McFarlane Updates Glucose-Testing Technology
By David Goddard. Photography by Shawn Poynter.
Assistant Professor Nicole McFarlane has been developing technology to aid in eliminating the need for diabetics to administer glucose tests.
Though a necessity, the tests are frequent, often inconvenient, and can be painful, making the ability to bypass them of significant importance to patients.
“We’ve taken a two-pronged approach,” McFarlane said, of her initial breakthrough. “We’ve aimed to build a better sensor that will require a smaller sample size, but also be able to reliably replace the sensors people currently use.”
That work was built on the use of biologically-based analyte sensors, which can be implanted inside a patient to allow for continuous, accurate monitoring when paired with a neuro transmitter, eliminating the tests and the chances that patients would forget to take them.
From the start, McFarlane said her goal was to use changing technology in a quest to develop “smarter” devices, perhaps even ones that could inject the needed doses of insulin and thereby cut out the need for injections.
Some of those steps are already taking shape.
The Department of Energy is very interested in the ability to use the sensors because they are smaller, faster, and more cost efficient than tubes. We use the same technology as the camera in your phone, which has the added benefit of not being magnetic.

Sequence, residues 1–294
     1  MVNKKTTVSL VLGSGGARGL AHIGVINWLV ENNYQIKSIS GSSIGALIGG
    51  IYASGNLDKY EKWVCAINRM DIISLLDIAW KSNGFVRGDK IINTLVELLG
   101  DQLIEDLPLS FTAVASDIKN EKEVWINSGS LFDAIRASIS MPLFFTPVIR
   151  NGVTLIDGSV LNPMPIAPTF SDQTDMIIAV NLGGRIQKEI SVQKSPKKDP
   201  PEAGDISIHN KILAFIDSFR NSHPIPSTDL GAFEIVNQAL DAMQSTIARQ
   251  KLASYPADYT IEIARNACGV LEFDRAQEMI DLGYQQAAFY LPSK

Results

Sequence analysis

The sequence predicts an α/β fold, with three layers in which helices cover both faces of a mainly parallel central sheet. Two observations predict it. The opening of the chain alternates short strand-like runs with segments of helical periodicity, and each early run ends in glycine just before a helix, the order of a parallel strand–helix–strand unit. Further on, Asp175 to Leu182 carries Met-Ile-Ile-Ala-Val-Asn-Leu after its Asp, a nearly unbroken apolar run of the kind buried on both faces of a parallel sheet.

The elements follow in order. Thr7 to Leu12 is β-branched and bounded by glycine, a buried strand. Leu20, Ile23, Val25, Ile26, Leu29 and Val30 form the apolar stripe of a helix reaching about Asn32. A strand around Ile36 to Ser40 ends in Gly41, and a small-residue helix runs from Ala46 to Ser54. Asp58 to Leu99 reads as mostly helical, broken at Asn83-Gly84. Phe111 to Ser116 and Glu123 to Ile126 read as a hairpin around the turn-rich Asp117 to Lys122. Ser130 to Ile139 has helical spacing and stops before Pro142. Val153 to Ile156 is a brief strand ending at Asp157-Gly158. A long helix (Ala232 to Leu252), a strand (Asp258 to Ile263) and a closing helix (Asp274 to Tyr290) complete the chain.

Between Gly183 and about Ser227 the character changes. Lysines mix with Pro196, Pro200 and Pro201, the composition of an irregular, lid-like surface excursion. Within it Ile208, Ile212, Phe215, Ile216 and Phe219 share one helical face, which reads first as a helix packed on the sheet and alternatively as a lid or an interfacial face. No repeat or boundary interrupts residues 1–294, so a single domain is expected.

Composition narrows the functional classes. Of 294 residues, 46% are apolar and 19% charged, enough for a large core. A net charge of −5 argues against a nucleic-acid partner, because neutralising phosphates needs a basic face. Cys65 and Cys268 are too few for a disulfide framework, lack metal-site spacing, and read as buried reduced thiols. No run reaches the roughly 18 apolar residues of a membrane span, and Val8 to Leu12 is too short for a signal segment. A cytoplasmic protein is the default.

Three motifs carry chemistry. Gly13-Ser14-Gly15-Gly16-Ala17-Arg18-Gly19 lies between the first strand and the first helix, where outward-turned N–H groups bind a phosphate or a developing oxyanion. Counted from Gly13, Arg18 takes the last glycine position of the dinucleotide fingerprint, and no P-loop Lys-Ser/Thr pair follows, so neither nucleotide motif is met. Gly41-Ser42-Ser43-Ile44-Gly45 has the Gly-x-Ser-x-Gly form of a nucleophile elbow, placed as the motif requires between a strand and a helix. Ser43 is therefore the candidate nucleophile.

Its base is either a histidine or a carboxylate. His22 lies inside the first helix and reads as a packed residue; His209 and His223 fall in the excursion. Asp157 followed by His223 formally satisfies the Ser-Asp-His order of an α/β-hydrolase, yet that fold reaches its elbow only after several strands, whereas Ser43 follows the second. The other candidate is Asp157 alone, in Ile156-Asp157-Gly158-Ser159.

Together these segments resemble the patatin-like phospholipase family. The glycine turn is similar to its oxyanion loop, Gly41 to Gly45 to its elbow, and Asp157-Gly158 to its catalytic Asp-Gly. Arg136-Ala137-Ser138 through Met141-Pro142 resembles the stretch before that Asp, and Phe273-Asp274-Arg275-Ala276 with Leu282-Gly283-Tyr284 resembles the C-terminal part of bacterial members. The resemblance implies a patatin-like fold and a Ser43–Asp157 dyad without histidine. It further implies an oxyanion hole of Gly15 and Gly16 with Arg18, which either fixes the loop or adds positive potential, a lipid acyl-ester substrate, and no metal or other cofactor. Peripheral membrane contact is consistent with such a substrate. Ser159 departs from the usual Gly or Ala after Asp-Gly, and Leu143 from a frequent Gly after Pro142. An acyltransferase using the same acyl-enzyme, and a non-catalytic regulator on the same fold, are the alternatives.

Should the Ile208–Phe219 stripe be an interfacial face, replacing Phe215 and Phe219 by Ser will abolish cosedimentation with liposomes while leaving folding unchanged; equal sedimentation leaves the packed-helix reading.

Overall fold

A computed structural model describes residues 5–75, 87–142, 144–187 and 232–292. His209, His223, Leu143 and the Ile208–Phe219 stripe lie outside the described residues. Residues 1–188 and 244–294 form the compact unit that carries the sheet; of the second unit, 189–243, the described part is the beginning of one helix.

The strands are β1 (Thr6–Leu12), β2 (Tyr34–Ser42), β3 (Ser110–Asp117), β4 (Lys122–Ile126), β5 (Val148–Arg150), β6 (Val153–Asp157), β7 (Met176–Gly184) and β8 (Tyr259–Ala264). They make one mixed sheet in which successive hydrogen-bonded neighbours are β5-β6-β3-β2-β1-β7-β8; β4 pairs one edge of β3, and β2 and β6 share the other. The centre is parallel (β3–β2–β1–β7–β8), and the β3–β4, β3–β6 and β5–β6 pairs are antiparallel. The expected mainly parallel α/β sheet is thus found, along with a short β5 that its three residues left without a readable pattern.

“We have been improving the technical specs of our various sensors, incorporating analog signal processing and neuromorphic-based readout electronics for our single photon avalanche diode (SPAD)-based sensors and working on integrating a microprocessor with our other sensor front ends,” McFarlane said. “Incorporating neuromorphic electronics helps us even more closely mimic biological systems, and SPADs help us create a device for which a single photon can elicit a current response, a great improvement over previous devices.”
Each new development has its own place in the overall sensor, with the SPAD-based portion intended for applications such as neutron detection and the electrochemical sensors intended for glucose and other analytes.
McFarlane said that her team is currently working on integrating multiple sensors on the same chips, which will add more functionality to the sensors. For example, one sensor would be able to detect both temperature and impedance due to electrochemicals or pH balance.
McFarlane’s improved sensors continue to hold promise in other areas requiring minute levels of detection, such as the Spallation Neutron Source (SNS) at Oak Ridge National Laboratory.
SNS scientists study materials at the smallest scales, but the most common means of measurement—photomultiplier tubes—are expensive, require massive cooling efforts, and are inside a glass tube and thus, fragile.
“The Department of Energy is very interested in the ability to use the sensors because they are smaller, faster, and more cost efficient than tubes,” McFarlane said. “We use the same technology as the camera in your phone, which has the added benefit of not being magnetic.”
That last point is vital because experiments at SNS could have their outcomes tainted by outside magnetism. The DOE’s Office of Science was impressed enough with the idea that it recently awarded McFarlane and her team $600,000 to build out the concept for use at SNS, proving that, while the device itself is small, the impact it could have is huge.